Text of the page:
Differences in Mexican-American and Non-Hispanic White Veterans' Homocysteine Levels

2.50
Hdl Handle:
http://hdl.handle.net/10755/148910
Type:
Presentation
Title:
Differences in Mexican-American and Non-Hispanic White Veterans' Homocysteine Levels
Abstract:
Differences in Mexican-American and Non-Hispanic White Veterans' Homocysteine Levels
Conference Sponsor:Sigma Theta Tau International
Conference Year:2005
Author:Baldwin, Carol M., PhD, RN, AHN-BC
P.I. Institution Name:Arizona State University
Title:Associate Professor
Co-Authors:Iris R. Bell, MD, PhD
Elevated homocysteine is reportedly an independent risk factor for stroke. This cross-sectional study assessed lifestyle factors of Mexican American (MA;n=109) and non-Hispanic white (NHW;n=120) male military veterans 54 to 85 years of age with varying degrees of cerebrovascular disease risk. Participants completed questionnaires on food frequency, health history, psychosocial function, and a stroke risk scale derived from the Framingham study. Subgroups of MA and NHW high (n=30) and low (n=30) on the stroke risk scale underwent blood tests for homocysteine, vitamin B12 and folate. Results from the biomarker study indicated that MA with high and low stroke risk scores and NHW with high stroke risk scores had significantly higher homocysteine than did the NHW veterans with low stroke risk, even after controlling for age, education, diabetes, and smoking pack years (p=0.009). Serum B12, serum folate, dietary and supplement intake of B vitamins did not differ between groups. Findings warrant further studies to clarify the relative contribution of veteran status, ethnicity, regional variations, genetic, and dietary/environmental factors in order to identify ethnically-relevant evidence-based predictors of, and culturally responsive nursing interventions for stroke in Mexican Americans.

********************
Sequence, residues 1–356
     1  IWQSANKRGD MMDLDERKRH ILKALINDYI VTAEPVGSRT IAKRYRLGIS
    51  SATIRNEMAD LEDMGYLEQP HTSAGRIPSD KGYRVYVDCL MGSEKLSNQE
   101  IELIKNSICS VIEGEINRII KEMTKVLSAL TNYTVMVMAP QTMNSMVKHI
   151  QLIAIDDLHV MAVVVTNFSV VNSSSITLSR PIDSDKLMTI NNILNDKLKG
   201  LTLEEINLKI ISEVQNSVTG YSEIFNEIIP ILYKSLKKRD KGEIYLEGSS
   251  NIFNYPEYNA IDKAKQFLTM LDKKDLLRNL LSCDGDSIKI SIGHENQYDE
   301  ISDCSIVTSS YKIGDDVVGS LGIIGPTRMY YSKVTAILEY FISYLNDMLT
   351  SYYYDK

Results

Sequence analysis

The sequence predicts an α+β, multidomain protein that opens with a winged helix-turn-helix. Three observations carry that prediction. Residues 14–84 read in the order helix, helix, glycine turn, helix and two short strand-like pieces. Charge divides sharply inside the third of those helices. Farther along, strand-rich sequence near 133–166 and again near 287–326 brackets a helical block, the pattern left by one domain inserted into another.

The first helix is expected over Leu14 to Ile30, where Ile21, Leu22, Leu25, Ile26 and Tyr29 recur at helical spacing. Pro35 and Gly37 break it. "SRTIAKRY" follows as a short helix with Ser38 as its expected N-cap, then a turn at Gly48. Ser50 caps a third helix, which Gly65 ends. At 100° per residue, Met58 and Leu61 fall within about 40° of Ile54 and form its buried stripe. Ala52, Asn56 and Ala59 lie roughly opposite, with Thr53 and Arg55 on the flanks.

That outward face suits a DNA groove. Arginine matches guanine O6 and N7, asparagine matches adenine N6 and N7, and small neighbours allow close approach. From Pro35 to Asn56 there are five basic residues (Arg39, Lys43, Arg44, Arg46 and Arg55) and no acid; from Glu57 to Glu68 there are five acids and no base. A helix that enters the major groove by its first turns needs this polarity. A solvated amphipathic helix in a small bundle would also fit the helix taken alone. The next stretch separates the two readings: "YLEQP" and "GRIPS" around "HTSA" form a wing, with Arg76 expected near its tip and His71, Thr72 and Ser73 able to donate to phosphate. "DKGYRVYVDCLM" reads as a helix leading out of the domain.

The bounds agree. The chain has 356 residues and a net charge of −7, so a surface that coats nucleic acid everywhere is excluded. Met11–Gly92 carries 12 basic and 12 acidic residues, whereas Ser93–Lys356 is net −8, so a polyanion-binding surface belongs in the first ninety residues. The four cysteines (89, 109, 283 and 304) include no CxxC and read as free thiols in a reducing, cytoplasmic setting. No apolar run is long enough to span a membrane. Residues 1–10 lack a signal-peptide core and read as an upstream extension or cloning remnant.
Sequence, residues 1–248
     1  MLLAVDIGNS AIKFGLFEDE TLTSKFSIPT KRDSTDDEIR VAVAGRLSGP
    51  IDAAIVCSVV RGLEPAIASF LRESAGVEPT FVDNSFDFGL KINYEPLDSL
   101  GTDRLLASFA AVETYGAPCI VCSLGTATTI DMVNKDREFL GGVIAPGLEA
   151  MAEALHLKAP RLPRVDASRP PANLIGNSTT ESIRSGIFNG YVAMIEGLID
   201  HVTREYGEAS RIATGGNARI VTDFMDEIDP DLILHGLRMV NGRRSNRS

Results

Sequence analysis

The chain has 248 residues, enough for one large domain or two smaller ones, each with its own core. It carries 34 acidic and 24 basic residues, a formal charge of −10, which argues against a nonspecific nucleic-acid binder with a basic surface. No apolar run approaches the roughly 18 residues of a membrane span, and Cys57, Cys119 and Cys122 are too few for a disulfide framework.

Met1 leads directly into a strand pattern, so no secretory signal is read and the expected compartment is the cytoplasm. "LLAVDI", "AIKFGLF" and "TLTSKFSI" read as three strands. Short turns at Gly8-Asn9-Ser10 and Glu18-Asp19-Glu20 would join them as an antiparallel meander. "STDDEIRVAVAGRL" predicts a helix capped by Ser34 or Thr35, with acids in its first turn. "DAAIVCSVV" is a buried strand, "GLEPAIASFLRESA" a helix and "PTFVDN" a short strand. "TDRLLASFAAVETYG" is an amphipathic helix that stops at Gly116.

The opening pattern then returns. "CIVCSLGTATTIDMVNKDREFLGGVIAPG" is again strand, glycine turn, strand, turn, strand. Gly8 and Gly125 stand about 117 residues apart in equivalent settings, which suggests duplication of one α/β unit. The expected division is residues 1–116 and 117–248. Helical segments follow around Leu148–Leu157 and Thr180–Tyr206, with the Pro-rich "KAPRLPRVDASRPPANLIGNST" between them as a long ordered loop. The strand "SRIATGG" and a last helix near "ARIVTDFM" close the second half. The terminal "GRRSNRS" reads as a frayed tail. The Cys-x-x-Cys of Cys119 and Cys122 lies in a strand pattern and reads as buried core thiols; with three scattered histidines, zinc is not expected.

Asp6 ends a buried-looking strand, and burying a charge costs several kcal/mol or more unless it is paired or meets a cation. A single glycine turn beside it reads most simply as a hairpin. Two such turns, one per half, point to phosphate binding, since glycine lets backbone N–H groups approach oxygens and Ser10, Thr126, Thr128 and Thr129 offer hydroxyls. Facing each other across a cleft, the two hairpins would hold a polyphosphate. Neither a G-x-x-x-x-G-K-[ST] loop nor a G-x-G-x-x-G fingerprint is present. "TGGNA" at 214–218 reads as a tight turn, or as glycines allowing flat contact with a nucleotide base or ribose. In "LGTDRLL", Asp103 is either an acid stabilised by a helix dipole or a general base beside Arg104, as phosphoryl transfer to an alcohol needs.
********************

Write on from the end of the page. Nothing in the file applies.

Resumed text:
Repository Posting Date:
26-Oct-2011
Date of Publication:
17-Oct-2011
Sponsors:
Sigma Theta Tau International

Full metadata record

DC FieldValue Language
dc.typePresentationen_GB
dc.titleDifferences in Mexican-American and Non-Hispanic White Veterans' Homocysteine Levelsen_GB
dc.identifier.urihttp://hdl.handle.net/10755/148910-
dc.description.abstract<table><tr><td colspan="2" class="item-title">Differences in Mexican-American and Non-Hispanic White Veterans' Homocysteine Levels</td></tr><tr class="item-sponsor"><td class="label">Conference Sponsor:</td><td class="value">Sigma Theta Tau International</td></tr><tr class="item-year"><td class="label">Conference Year:</td><td class="value">2005</td></tr><tr class="item-author"><td class="label">Author:</td><td class="value">Baldwin, Carol M., PhD, RN, AHN-BC</td></tr><tr class="item-institute"><td class="label">P.I. Institution Name:</td><td class="value">Arizona State University</td></tr><tr class="item-author-title"><td class="label">Title:</td><td class="value">Associate Professor</td></tr><tr class="item-email"><td class="label">Email:</td><td class="value">carol.baldwin@asu.edu</td></tr><tr class="item-co-authors"><td class="label">Co-Authors:</td><td class="value">Iris R. Bell, MD, PhD</td></tr><tr><td colspan="2" class="item-abstract">Elevated homocysteine is reportedly an independent risk factor for stroke. This cross-sectional study assessed lifestyle factors of Mexican American (MA;n=109) and non-Hispanic white (NHW;n=120) male military veterans 54 to 85 years of age with varying degrees of cerebrovascular disease risk. Participants completed questionnaires on food frequency, health history, psychosocial function, and a stroke risk scale derived from the Framingham study. Subgroups of MA and NHW high (n=30) and low (n=30) on the stroke risk scale underwent blood tests for homocysteine, vitamin B12 and folate. Results from the biomarker study indicated that MA with high and low stroke risk scores and NHW with high stroke risk scores had significantly higher homocysteine than did the NHW veterans with low stroke risk, even after controlling for age, education, diabetes, and smoking pack years (p=0.009). Serum B12, serum folate, dietary and supplement intake of B vitamins did not differ between groups. Findings warrant further studies to clarify the relative contribution of veteran status, ethnicity, regional variations, genetic, and dietary/environmental factors in order to identify ethnically-relevant evidence-based predictors of, and culturally responsive nursing interventions for stroke in Mexican Americans.</td></tr></table>en_GB
dc.date.available2011-10-26T09:52:44Z-
dc.date.issued2011-10-17en_GB
dc.date.accessioned2011-10-26T09:52:44Z-
dc.description.sponsorshipSigma Theta Tau Internationalen_GB
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